The Confidence of the Cross

“The thief cometh not, but for to steal, and to kill, and to destroy: I am come that they might have life, and that they might have it more abundantly.” John 10:10

I hope this great truth never escapes our attention or is put on the back burner of familiarity, dimming the bold message coming from it: for us to gain life, Jesus had to lose His.

But life is now the promise of today and all days, and that day that is to come because of the precious gift our Lord secured for us.

His love for you and me would not settle with allowing brokenness, sin, and destruction to continue to litter the pathway for our existence here on this earth.  No, when He laid down life it was to regain life – when He gave up everything, it was that we may gain even more.

Imagine a love that is so on fire for you that He will go to extreme measures so that you will get to heaven, so that you will get to be with the Father.  He already knew what this was like, and nothing would stop His pursuit to make a way for you and me to experience it too.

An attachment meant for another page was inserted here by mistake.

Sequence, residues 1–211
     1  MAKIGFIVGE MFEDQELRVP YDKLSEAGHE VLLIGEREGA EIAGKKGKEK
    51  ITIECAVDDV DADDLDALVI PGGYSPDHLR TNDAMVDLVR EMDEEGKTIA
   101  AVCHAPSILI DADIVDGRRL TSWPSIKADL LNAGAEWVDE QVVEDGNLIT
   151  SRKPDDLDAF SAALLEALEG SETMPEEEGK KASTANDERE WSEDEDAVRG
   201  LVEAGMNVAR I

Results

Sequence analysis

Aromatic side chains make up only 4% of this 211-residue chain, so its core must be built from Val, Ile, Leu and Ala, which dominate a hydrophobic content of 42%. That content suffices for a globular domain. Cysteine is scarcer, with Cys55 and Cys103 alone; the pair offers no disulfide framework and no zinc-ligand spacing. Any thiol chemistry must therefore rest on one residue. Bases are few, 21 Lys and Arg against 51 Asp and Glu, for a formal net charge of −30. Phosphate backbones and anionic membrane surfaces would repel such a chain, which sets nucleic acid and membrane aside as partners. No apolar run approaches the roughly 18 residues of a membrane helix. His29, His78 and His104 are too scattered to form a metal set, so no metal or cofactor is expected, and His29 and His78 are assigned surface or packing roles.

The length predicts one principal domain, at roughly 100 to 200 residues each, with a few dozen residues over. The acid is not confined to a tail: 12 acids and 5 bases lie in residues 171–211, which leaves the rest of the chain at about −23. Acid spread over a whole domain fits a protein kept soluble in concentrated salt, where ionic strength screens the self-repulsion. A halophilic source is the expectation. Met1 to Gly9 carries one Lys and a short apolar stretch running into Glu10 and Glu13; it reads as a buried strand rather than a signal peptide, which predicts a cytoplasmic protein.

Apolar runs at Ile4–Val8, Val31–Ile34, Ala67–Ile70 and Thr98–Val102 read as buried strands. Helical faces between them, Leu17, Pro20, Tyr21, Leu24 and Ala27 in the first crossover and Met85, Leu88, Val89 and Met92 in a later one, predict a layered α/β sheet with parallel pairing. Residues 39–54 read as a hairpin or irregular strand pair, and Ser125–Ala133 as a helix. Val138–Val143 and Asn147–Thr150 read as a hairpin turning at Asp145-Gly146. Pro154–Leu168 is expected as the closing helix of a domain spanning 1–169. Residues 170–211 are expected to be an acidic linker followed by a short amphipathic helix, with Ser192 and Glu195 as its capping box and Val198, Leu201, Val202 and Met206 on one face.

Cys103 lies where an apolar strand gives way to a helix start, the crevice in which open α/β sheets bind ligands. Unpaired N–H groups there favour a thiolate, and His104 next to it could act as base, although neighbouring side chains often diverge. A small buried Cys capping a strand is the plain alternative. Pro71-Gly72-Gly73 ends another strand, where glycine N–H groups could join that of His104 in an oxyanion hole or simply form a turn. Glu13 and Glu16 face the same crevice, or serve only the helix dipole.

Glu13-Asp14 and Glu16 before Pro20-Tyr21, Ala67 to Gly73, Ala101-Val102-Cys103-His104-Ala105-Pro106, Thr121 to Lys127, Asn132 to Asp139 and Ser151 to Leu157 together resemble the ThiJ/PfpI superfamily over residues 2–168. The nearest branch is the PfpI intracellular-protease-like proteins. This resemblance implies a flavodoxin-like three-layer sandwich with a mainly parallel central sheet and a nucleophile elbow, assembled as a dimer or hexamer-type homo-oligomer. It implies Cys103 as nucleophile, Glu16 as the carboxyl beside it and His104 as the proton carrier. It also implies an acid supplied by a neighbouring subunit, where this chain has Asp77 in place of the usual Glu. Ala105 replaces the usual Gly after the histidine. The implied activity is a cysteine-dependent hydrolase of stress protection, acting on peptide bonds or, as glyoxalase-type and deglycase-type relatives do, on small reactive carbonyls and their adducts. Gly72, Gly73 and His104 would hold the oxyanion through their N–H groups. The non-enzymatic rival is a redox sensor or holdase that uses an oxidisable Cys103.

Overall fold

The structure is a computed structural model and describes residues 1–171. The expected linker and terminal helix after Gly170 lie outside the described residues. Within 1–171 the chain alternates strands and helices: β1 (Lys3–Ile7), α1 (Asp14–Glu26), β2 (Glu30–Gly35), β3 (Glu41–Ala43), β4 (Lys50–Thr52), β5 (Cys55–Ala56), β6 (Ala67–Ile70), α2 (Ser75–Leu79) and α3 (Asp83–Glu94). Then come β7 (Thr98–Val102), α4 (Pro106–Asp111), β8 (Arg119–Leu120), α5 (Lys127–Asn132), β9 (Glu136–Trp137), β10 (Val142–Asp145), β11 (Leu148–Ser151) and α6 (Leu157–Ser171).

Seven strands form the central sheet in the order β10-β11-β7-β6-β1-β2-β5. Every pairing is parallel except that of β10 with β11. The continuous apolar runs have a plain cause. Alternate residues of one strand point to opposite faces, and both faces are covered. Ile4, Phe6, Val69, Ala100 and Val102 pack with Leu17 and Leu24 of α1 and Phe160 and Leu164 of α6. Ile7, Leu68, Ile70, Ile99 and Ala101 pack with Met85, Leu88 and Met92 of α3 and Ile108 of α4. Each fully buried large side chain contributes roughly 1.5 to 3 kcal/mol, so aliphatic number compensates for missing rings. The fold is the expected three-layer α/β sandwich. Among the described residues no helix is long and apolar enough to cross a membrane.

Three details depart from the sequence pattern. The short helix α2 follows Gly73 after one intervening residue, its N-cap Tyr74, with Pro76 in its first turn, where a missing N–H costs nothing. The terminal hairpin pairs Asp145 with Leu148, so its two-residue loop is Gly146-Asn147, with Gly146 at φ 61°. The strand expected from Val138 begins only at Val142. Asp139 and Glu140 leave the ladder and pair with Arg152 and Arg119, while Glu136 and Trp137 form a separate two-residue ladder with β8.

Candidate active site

Life is the confidence of the cross.  The enemy’s purpose is to destroy life, but Jesus’ purpose is to give everything heaven has to offer, everything the enemy is working so hard to prohibit: LIFE.

“Jesus said unto her, I am the resurrection, and the life: he that believeth in me, though he were dead, yet shall he live:” John 11:25

“In him was life; and the life was the light of men.” John 1:4

“Jesus saith unto him, I am the way, the truth, and the life: no man cometh unto the Father, but by me.” John 14:6

“He that hath the Son hath life; and he that hath not the Son of God hath not life.” 1 John 5:12

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The God-Placements | Carriers of the Ministry

What does effective ministry look like to you?

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“This shall be the service of the sons of Kohath in the tabernacle of the congregation, about the most holy things:” Numbers 4:4

Every believer has a place in the calling or ministry of God. There is no such thing as someone who has been saved by grace that is not equipped in one or more ways to operate in a particular gift (s) by His grace (Rom. 12:6). And while the area you are called to work in may not look like the ministry of another (1 Cor. 12:4), it is no less critical in its impact for God’s kingdom.

Like a well-functioning body, every member is needed to step up to the plate with their gifts (comp. 1 Cor. 12:12, 14). While the spotlight tends to fall naturally on those in the front, there are many behind-the-scene positions, if they were not managed by capable persons working in their gifts, then whatever is going on upfront would not be going on at all.